The FRANKLIN family – Commandant FRANKLIN, George Cooper (1846-1919) and Lieutenant FRANKLIN, Harold Gordon Cooper (1885-1957)

George Cooper Franklin (1846-1919) married Lucy Hannah Denne (1851-1930 in 1876).  George was a surgeon with his own practice and was also senior surgeon at Leicester Royal Infirmary.  They had five children:  George Denne Franklin (1877-1915); Maud Elizabeth Franklin (1878-1960), Roger William (1880-1900); Lucy Rowena 1882-1963 and Harold Gordon Cooper (1885-1957).  The three boys all attended Stoneygate School, which had been founded by their grandfather George Barton Franklin, and all were choristers.  The family home between 1879 and 1882 was at 5 Welford Road, then from before 1885 at 39 London Road, where they remained until George’s retirement.

Born in Leicester in 1846, George Cooper Franklin was the son of George Barton Franklin (1815-1893) and Elizabeth Cooper (c1812-1874) who married at Harvey Lane Baptist Church in 1841. George and his family lived at 4 London Road where his father kept a small school – of which George was pupil – before settling in 1859 in what remain the premises of Stoneygate School.  George first served as an apprentice to a Nottingham dentists before studying medicine at London University, from which he graduated in 1867 whilst also working at St Thomas’s Hospital.  In 1873 he was admitted as a fellow of the Royal College of Surgeons and took up a post as resident medical officer of the Chest Hospital, Victoria Road, London.  In 1876 George married Lucy, who was the daughter of a workhouse surgeon, at Eastbourne.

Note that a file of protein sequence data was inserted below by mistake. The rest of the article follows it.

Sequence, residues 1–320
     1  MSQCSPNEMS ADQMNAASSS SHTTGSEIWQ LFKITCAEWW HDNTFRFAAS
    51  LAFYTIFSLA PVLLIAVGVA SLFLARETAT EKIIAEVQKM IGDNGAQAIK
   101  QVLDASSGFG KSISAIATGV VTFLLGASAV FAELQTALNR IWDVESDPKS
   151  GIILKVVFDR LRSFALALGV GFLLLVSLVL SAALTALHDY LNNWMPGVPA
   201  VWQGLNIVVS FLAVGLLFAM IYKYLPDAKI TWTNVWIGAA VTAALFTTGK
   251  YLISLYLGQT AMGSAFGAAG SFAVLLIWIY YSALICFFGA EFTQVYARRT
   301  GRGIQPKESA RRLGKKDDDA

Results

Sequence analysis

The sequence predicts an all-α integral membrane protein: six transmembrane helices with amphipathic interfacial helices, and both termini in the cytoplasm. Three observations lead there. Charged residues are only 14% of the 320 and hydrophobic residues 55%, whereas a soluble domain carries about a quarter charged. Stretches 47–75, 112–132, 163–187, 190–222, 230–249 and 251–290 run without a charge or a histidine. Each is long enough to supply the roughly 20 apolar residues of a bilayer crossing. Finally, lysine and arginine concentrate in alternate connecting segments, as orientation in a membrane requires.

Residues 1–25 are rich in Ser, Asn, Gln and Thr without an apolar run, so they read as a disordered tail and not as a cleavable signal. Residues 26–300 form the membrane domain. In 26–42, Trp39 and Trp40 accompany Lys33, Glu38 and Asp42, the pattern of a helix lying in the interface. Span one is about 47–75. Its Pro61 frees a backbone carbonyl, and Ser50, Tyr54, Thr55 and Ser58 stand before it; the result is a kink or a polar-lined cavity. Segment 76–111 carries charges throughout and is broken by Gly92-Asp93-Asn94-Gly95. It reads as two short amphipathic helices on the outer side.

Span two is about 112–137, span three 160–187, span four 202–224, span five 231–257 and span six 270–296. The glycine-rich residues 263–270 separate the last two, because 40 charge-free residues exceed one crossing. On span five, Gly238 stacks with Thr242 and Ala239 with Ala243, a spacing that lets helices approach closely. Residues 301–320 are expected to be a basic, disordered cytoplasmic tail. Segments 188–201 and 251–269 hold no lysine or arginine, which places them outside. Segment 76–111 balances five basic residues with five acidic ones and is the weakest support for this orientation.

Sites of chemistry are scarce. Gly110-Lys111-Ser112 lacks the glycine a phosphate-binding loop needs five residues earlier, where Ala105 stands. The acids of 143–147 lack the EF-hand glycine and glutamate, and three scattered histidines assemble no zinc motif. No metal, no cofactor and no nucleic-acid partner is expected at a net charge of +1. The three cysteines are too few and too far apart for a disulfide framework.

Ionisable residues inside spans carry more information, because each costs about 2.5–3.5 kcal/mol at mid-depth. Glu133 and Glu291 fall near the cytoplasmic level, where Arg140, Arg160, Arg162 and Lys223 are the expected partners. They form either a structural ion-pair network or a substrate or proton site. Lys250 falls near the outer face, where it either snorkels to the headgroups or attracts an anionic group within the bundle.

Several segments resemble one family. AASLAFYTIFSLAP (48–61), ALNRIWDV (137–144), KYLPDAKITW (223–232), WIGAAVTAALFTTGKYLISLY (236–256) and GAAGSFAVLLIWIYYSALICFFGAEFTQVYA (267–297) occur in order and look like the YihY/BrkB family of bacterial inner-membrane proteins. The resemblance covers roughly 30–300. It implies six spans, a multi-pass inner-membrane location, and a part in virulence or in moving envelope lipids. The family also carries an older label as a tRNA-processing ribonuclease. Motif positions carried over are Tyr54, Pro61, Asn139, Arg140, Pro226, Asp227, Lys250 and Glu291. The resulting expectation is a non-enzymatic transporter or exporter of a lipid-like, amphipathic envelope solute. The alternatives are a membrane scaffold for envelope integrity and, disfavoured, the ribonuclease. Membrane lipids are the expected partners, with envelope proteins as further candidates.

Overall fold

They settled in Leicester and joined the congregation at St Martin’s.  George was sidesman from 1882 and Churchwarden in 1894-1897 and again in 1909.  He also served as a Borough Magistrate.  In 1905 he was elected president of the British Medical Association and oversaw its application for a Royal Charter.  In 1910 George retired from medical practice and he and Hannah moved to Hampshire, due to George’s failing health.

Nevertheless in 1914 George returned to medical work as Commandant and Medical Officer of Hawkstone Red Cross Hospital and Medical Officer of two other hospitals in Hampshire that had become medical hospitals. These weren’t military hospitals, though wounded soldiers were sometimes treated there, but George’s service enabled younger and fitter doctors to work in more taxing environments including at the Front.  He also served on the local medical board of the Ministry of National Service.  For this he was one of the first people to be awarded the MBE, in 1917.  George’s obituary in The Hampshire Telegraph later described his service at Hawkstone as “most patriotic and devoted…He was not only held in the highest regard and affection by the other members of the staff, but the wounded soldiers who from time to time were patients in the hospital were unanimous in their appreciation and thanks.”

George and Lucy returned to Fareham, Hampshire, where George died on 2nd June 1919.  He was buried at Fareham cemetery, the funeral service having first taken place at the parish church, where George was a sidesman.  Lucy lived at Fareham until her death in 1930.